What is this metric and why is it important?
The destructive result of a poor income distribution is poverty. Households in poverty have benefited less from the contributions that innovation makes to prosperity and face barriers to full participation. Here we measure poverty as the portion of those earning less than 50% of the median income in a country.
How is Canada doing?
- Canada is slightly below the OECD average of 27.7%, with 25.2% of the population falling under 50% of median household income.
- When taxes and transfers are considered, the poverty rate declines by 13.1 percentage points to 12.1%.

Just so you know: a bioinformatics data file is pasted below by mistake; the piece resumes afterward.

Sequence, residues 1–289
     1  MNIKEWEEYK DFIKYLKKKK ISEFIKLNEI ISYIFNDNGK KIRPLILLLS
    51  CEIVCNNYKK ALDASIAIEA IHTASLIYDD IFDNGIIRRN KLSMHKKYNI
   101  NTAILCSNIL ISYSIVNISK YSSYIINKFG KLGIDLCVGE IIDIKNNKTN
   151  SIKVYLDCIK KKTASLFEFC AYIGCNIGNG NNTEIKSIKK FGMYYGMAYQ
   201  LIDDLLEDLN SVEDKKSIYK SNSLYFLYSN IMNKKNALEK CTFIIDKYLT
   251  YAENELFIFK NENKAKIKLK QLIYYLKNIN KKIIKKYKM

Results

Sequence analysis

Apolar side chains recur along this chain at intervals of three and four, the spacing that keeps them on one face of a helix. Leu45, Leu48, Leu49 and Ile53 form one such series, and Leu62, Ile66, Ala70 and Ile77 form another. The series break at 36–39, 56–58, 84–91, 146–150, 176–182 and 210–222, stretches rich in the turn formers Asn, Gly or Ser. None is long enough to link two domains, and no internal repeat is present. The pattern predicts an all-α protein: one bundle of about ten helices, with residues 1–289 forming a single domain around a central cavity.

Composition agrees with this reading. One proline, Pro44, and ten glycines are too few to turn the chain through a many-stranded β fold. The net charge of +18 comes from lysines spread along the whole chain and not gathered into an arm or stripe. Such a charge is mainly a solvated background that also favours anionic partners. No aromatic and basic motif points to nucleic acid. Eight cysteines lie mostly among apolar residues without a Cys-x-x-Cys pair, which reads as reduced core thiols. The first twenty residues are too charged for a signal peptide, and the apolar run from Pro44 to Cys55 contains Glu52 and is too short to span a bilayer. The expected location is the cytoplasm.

- France, Finland, and Ireland see the greatest improvements in poverty rates through redistribution, lowering their rates by 28.8, 27.9, and 25.0 percentage points respectively.
This measure uses the OECD definition of poverty: “the ratio of the number of people (in a given age group) whose income falls below the poverty line; taken as half the median household income of the total population.” An important piece of this calculation is the definition of income, which can refer to income before or after taxes and is calculated on the household level.
A drawback of this definition is that by its nature it is hard to push down, given that median income is a moving target. This metric measures how well you fare relative to your neighbours, capturing inequality as much as poverty, while the Statistics Canada definition views poverty as not having access to a sufficient basket of basic goods.